After a quick bite to eat I went to the sitecore office for the deep dive which was in more intimate surroundings. Now the subject was the commerce offerings which we were about 14 people who was invited to hear about.
The commerce offerings are divided into two products Sitecore Ecommerce Fundamentals Edition (SEFE) and Enterprise Edition (SEEE). Although it might seem it is just a full-blown and a limited edition of the same product it is not at all. SEFE is build for sitecore, where SEEE is a system developed by insite that is plugged into sitecore.
Shortly put the SEEE platform has more features, and also has an API for doing integration to an existing ERP system. SEFE is really for the sitecore user who needs to start with commerce.
I have to be honest and say upfront that I was not impressed by either platform, because it was very apparent from the talk around the table that they are both very hard to extend, and there is close to no documentation on how to get things done. A guy at the table said that his experience was that just pulling a list of products had been a hard task to accomplish. Nobody in my experience uses a commerce platform as is – so extensibility is key in my book.
Both sets of API’s allow you to change components because they are build using Unity and Castle Windsor respectively – with SEEE very oddly being moved to use Unity as well in the future. Using an Inversion of Control Container alone is not really enough when your only help to gain insight is using Reflector, and the API is not exactly selfdocumenting.
A big sticking point is that for SEEE the editor is an Adobe Flex application that you open from within sitecore. So it cannot be extended – period! So the Enterprise predicate does not involve extensibility, but just that you get more features out of the box. Also the design of the application just doesn’t quite feel like it fits – which makes sence, because it wasen’t built for it to start with.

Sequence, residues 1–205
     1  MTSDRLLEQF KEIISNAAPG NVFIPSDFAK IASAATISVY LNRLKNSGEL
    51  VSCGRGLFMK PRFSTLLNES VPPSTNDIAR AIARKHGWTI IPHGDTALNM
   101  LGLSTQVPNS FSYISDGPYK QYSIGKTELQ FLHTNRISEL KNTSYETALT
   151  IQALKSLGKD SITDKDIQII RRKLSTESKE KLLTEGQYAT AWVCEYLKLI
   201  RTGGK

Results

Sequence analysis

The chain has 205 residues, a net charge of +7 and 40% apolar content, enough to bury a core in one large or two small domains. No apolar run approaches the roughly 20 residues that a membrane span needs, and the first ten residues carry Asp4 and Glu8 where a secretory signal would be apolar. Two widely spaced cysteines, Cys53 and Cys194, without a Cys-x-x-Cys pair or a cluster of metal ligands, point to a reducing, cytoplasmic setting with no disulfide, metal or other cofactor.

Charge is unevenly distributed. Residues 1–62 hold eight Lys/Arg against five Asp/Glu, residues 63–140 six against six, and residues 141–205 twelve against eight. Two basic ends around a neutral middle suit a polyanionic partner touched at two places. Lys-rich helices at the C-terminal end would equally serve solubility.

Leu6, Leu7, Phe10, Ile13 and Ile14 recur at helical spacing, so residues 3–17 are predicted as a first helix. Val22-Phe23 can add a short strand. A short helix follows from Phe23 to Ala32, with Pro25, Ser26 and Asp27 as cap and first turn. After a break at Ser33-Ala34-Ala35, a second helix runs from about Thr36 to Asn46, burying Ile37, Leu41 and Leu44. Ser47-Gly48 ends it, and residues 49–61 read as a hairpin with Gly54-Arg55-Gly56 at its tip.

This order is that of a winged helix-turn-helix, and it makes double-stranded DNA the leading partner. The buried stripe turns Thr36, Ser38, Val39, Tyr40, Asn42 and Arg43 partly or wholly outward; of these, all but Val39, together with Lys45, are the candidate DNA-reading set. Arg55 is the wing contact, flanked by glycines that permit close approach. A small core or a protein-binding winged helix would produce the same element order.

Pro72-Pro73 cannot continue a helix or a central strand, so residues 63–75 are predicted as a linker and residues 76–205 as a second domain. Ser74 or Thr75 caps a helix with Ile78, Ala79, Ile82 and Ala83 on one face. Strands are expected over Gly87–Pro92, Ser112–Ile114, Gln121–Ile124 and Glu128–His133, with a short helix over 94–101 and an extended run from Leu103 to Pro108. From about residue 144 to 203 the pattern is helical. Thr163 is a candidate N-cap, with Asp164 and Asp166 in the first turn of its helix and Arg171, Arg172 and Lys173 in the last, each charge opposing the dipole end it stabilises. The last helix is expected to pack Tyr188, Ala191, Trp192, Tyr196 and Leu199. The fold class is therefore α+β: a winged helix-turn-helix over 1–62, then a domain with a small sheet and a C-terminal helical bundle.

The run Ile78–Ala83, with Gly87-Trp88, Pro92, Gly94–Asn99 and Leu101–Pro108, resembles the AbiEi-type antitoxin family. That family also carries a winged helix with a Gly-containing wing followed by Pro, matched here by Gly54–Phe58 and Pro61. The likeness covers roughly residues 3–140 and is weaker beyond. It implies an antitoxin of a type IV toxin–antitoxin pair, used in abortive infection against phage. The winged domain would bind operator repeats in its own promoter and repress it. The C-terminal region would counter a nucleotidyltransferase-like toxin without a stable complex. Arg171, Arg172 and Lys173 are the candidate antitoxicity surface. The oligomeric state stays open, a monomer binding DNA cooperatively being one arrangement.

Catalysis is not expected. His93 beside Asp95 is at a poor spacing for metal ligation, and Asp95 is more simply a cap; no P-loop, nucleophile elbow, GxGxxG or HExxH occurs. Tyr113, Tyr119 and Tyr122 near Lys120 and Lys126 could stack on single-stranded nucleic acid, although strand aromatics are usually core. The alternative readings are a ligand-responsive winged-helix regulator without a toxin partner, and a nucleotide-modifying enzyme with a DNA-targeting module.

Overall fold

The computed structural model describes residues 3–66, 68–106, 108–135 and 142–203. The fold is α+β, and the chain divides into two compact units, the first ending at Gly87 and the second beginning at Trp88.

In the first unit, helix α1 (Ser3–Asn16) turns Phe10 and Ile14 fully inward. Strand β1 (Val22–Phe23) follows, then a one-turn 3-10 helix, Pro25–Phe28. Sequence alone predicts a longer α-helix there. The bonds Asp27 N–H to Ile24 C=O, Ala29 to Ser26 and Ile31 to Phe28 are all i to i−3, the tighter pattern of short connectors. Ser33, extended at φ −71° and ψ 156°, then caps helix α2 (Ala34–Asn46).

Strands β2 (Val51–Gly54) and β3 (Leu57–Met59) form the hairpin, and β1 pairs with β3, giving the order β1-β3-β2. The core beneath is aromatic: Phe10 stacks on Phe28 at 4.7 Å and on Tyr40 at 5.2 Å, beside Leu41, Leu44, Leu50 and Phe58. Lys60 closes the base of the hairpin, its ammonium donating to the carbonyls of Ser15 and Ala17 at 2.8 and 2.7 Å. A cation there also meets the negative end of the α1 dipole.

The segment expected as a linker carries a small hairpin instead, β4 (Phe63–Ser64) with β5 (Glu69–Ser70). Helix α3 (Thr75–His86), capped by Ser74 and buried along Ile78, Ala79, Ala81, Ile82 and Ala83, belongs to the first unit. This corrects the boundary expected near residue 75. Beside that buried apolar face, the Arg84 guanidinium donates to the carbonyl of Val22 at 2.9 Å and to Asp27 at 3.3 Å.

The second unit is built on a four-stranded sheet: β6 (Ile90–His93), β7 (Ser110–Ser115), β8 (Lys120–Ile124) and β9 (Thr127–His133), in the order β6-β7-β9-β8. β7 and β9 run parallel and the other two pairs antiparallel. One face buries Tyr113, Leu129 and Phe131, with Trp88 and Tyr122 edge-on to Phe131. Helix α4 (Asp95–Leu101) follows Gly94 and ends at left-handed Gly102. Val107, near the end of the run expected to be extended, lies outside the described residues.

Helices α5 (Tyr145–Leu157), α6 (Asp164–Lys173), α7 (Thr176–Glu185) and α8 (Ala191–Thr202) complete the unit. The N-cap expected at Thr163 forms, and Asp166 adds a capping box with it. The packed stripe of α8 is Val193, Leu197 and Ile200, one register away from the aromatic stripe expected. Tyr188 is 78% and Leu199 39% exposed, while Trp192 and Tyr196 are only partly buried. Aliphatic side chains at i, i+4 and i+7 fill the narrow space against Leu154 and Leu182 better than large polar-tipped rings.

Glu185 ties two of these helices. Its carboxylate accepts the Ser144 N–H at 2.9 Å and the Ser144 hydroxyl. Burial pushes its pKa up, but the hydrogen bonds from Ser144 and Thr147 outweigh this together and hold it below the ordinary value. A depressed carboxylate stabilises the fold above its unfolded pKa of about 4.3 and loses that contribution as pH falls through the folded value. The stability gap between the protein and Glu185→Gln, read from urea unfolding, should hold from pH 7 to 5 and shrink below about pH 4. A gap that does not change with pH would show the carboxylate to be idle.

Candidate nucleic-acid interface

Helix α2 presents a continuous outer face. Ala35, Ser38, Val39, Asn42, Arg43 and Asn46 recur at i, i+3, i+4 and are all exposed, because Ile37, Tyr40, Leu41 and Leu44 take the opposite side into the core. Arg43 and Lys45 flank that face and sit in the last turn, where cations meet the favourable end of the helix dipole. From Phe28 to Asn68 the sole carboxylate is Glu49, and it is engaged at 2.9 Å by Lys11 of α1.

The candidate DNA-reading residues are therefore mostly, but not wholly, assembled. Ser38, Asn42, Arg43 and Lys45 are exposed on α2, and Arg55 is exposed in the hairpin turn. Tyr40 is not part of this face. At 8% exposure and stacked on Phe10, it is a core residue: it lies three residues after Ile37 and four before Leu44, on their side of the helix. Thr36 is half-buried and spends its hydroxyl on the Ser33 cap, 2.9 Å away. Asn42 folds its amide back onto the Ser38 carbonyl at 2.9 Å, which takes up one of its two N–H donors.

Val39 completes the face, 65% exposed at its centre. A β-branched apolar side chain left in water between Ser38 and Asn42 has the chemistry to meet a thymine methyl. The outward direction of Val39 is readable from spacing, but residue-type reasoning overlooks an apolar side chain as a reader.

Both platforms give you some basic features you would expect in a commerce product; maintaining product hierarchies, handling shipment, checkout, payment and all that stuff. They are however structured quite differently in the two platforms.
One thing they have in common is that both platforms require your products to be created as items in sitecore, mainly for the purpose of supporting OMS. It was said that you could implement something yourself, but reading the facial expression of the speaker I don’t think it’s really an option in a real project with a budget.
Having all products become items in sitecore comes with its own set of challanges besides just maintenance, since there can be a limited number of products under a given item. So you need some structure that will handle this, which in turn will complicate navigation and gaining an overview of the product hierarchy. This along with product maintenance in a UI that was build for a CMS made me feel that the products have a fairly long way to go.
So all in all it feels to me like it is commerce being forced into sitecore. Personally I am skeptical of using tools for something they were not built to handle. So I would consider a different approach like building something custom and using sitecore for what it is really good at – content management. The selling point is OMS, but I would love it if focus was put on making it easier to integrate with OMS instead of pushing everything into sitecore. At least thats my two cents.
Christian Holm Nielsen